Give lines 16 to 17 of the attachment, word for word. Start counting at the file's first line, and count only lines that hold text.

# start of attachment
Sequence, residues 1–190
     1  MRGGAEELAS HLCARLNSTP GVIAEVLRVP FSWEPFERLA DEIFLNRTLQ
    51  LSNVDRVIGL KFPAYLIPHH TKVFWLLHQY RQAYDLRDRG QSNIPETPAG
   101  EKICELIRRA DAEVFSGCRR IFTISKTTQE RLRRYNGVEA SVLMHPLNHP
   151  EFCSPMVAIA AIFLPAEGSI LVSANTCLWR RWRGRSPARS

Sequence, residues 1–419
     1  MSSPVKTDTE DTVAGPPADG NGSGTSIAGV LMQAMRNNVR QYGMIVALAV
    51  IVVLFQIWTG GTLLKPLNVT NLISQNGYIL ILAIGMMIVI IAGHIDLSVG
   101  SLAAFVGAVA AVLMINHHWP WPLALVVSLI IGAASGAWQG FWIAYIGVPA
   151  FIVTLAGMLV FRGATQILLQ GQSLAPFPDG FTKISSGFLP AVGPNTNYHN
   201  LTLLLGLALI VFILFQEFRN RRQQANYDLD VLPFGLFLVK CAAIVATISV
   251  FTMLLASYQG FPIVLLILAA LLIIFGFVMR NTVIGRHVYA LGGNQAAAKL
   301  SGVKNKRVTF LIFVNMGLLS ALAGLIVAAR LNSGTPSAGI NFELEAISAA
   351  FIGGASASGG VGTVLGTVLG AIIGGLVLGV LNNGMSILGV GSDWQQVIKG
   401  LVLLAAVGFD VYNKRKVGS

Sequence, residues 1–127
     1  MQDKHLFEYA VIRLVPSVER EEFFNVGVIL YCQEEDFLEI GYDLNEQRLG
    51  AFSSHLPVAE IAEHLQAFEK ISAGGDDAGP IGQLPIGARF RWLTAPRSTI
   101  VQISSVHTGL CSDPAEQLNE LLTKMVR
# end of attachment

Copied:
Sequence, residues 1–127
     1  MQDKHLFEYA VIRLVPSVER EEFFNVGVIL YCQEEDFLEI GYDLNEQRLG